The ultimate questions on COBOL files absolutely need now

Recently I conducted some interviews. I asked few questions many mainframe programmers on the below file handling concepts in COBOL.

Many people confused to tell answers. But, these are very basic questions, everyone has to remember always.

After years of programming, we are forgetting, these things…

Really you need the below points in your mind always as long as you are working in COBOL development projects.

Note: Everyone knows about handling of sequential files.

But, people confused about Relative files and Indexed files.

♣Relative files:

Access mode is Random

Organization is Relative  ==> Why we use this is to say that file is relative. No problem we can give “Indexed” also.

To access relative files, you need to give above information in SELECT statement of COBOL.

OPEN INPUT File1

Read File1 Key is xyz

Close File

You can read the relative files in the above passion. Each time you need to supply KEY value.

♣Indexed Files

OPEN INPUT File1
Access mode is Random
Organization is Indexed

To access Indexed files, you need to give above information in SELECT statement of COBOL.

Image courtesy|stockphotos.io
Image courtesy|stockphotos.io

♣ Access Mode is Random Vs Access Mode is Dynamic:

  • Access mode is Random means you can retrieve a record matching to a KEY value.
  • Where as Access mode is Dynamic- We can establish position first dynamically, and we can read records sequentially. START Verb we use in Dynamic access mode.

The ORGANIZATION IS RELATIVE clause is used to specify that this is a relative file.

  • The ACCESS MODE clause is optional. If this clause is omitted, the default mode is SEQUENTIAL.
  • A relative file with ACCESS MODE SEQUENTIAL operates logically very much like an ORGANIZATION IS SEQUENTIAL file, except that you can delete records (see DELETE below) and position to a given location within the file (see START below).

If ACCESS MODE IS RANDOM, the target record for every I-O statement is specified by the value of data-name-1.

ACCESS MODE IS DYNAMIC is the most flexible. By using specific syntax in the I-O statements, you can process the file sequentially or randomly at any time.

The downside is that you must specify which type of access you want for each read operation. See the individual I-O statements that follow for more details. data-name-1 must be an integer numeric item, and its PICTURE cannot contain the P symbol. Obviously, it must be large enough to contain the highest record number you will need.

It also must not be contained in any of the 01 records under the FD for this file. Some implementations may impose more restrictions on the format of data-name-1.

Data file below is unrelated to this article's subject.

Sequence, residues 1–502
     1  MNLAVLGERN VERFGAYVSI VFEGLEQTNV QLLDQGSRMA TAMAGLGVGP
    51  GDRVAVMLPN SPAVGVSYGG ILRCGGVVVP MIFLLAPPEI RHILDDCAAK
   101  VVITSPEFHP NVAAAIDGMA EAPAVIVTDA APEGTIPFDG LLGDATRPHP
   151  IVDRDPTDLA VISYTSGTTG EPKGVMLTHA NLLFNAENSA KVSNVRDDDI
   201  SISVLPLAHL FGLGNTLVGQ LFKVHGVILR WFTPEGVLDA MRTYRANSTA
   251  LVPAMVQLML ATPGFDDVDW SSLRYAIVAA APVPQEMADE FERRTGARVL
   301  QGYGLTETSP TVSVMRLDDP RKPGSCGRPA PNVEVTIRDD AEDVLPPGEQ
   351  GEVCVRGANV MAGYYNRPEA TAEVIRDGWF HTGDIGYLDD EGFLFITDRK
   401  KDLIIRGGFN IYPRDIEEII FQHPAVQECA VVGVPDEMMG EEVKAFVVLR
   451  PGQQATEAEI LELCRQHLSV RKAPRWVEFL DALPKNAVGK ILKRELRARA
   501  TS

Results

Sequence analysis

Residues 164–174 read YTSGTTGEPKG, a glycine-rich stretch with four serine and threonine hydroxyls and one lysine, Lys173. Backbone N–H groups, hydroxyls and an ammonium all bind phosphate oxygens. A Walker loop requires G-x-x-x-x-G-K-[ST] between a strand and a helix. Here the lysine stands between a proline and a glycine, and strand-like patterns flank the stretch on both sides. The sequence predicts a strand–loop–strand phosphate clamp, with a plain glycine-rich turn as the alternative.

♣START Statement  – The START statement is used with relative files to logically position the file to a specific RECORD. The file must be declared with SEQUENTIAL or DYNAMIC access mode and opened in INPUT mode or I-O mode. The START statement does not modify the contents of the record area. The result of a successful START statement is that the following READ NEXT statement will input the record located by the START statement.

♣START Verb:

START file-name-1 [KEY relation-expression-1 data-name-1]
[INVALID KEY imperative-statement-1]
[NOT INVALID KEY imperative-statement-2]
[END-START]

The word KEY is for documentation purpose only.

Relation-condition-1 can be any of the following:

 IS EQUAL TO
 IS =
 IS GREATER THAN
 IS >
 IS NOT LESS THAN
 IS NOT <
 IS GREATER THAN OR EQUAL TO
 IS >=

The words IS, TO, and THAN are for documentation purpose only.

data-name-1 must be the data item specified in the RELATIVE KEY phrase of the ACCESS mode of the associated file control SELECT statement.

If the KEY phrase is not specified, relation IS EQUAL TO is implied.

The INVALID KEY phrase causes imperative-statement-1 to be executed if the START was unsuccessful because no record in file-name-1 satisfies the relation condition.

The NOT INVALID KEY phrase causes imperative-statement-2 to be executed if the START was successful.

The END-START phrase ends the scope of the START statement.
 
 ♣DELETE Statement – The DELETE statement removes a record from the RELATIVE file. The RELATIVE file must be opened in I-O mode. The DELETE statement does not modify the contents of the record area.

For RELATIVE files in SEQUENTIAL mode, the record deleted is the record obtained by the preceding READ statement, which must have been successful.

For RELATIVE files in RANDOM or DYNAMIC mode, the record to be deleted is the record number determined by the value of the RELATIVE KEY data item associated with file-name-1.

DELETE file-name-1 RECORD

[INVALID KEY imperative-statement-1]

[NOT INVALID KEY imperative-statement-2]

[END-DELETE]

The words RECORD and KEY are for documentation purpose only.

The INVALID KEY and NOT INVALID KEY phrases must not be used with a RELATIVE file in SEQUENTIAL access mode. The INVALID KEY phrase causes imperative-statement-1 to be executed if the DELETE was unsuccessful because the record was not available.  The NOT INVALID KEY phrase causes imperative-statement-2 to be executed if the DELETE was successful.

The END-DELETE phrase ends the scope of the DELETE statement.

♣How different OPEN Modes works in different Access modes

OPEN Mode
Statements
ACCESS Mode Sequential
OPEN INPUT READ, START
OPEN OUTPUT WRITE
OPEN I-O READ, REWRITE, START, DELETE
OPEN EXTEND WRITE
ACCESS Mode Random
OPEN INPUT READ
OPEN OUTPUT WRITE
OPEN I-O READ, WRITE, REWRITE, DELETE
OPEN EXTEND Invalid access/open combination
ACCESS Mode Dynamic
OPEN INPUT READ, START
OPEN OUTPUT WRITE
OPEN I-O READ, WRITE, REWRITE, START, DELETE
OPEN EXTEND Invalid access/open combination
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Author: Srini

Experienced software developer. Skills in Development, Coding, Testing and Debugging. Good Data analytic skills (Data Warehousing and BI). Also skills in Mainframe.